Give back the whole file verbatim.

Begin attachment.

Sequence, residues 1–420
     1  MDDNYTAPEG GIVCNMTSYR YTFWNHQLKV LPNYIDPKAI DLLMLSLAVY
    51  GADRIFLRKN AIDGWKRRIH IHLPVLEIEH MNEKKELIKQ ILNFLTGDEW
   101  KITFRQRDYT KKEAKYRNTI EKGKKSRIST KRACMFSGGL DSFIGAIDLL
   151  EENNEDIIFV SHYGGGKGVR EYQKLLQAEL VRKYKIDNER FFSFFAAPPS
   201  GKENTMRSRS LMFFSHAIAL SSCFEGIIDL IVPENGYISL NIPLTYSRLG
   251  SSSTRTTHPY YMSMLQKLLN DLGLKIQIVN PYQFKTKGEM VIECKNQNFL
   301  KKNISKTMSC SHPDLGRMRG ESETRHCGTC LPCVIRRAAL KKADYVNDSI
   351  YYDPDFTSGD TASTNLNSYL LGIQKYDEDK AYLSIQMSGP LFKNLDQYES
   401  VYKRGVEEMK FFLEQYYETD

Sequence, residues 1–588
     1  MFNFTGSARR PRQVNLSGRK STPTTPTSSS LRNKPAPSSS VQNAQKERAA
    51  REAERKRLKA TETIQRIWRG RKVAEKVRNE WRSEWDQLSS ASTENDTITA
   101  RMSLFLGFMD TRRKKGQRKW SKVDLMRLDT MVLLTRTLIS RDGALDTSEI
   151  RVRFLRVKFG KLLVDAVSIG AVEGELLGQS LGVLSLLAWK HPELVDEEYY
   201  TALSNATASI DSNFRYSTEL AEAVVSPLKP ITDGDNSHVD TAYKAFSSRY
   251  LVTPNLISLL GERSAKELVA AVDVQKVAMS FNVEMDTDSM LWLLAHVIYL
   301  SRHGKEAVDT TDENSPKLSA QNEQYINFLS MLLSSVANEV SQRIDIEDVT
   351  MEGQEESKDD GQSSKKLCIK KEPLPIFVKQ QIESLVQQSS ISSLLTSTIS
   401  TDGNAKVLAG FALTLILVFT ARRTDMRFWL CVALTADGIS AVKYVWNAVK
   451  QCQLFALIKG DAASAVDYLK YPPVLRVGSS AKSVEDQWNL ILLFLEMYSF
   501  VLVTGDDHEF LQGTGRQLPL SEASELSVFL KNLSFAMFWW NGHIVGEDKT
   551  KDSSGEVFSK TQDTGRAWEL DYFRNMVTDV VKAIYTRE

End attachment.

Sequence, residues 1–420
     1  MDDNYTAPEG GIVCNMTSYR YTFWNHQLKV LPNYIDPKAI DLLMLSLAVY
    51  GADRIFLRKN AIDGWKRRIH IHLPVLEIEH MNEKKELIKQ ILNFLTGDEW
   101  KITFRQRDYT KKEAKYRNTI EKGKKSRIST KRACMFSGGL DSFIGAIDLL
   151  EENNEDIIFV SHYGGGKGVR EYQKLLQAEL VRKYKIDNER FFSFFAAPPS
   201  GKENTMRSRS LMFFSHAIAL SSCFEGIIDL IVPENGYISL NIPLTYSRLG
   251  SSSTRTTHPY YMSMLQKLLN DLGLKIQIVN PYQFKTKGEM VIECKNQNFL
   301  KKNISKTMSC SHPDLGRMRG ESETRHCGTC LPCVIRRAAL KKADYVNDSI
   351  YYDPDFTSGD TASTNLNSYL LGIQKYDEDK AYLSIQMSGP LFKNLDQYES
   401  VYKRGVEEMK FFLEQYYETD

Sequence, residues 1–588
     1  MFNFTGSARR PRQVNLSGRK STPTTPTSSS LRNKPAPSSS VQNAQKERAA
    51  REAERKRLKA TETIQRIWRG RKVAEKVRNE WRSEWDQLSS ASTENDTITA
   101  RMSLFLGFMD TRRKKGQRKW SKVDLMRLDT MVLLTRTLIS RDGALDTSEI
   151  RVRFLRVKFG KLLVDAVSIG AVEGELLGQS LGVLSLLAWK HPELVDEEYY
   201  TALSNATASI DSNFRYSTEL AEAVVSPLKP ITDGDNSHVD TAYKAFSSRY
   251  LVTPNLISLL GERSAKELVA AVDVQKVAMS FNVEMDTDSM LWLLAHVIYL
   301  SRHGKEAVDT TDENSPKLSA QNEQYINFLS MLLSSVANEV SQRIDIEDVT
   351  MEGQEESKDD GQSSKKLCIK KEPLPIFVKQ QIESLVQQSS ISSLLTSTIS
   401  TDGNAKVLAG FALTLILVFT ARRTDMRFWL CVALTADGIS AVKYVWNAVK
   451  QCQLFALIKG DAASAVDYLK YPPVLRVGSS AKSVEDQWNL ILLFLEMYSF
   501  VLVTGDDHEF LQGTGRQLPL SEASELSVFL KNLSFAMFWW NGHIVGEDKT
   551  KDSSGEVFSK TQDTGRAWEL DYFRNMVTDV VKAIYTRE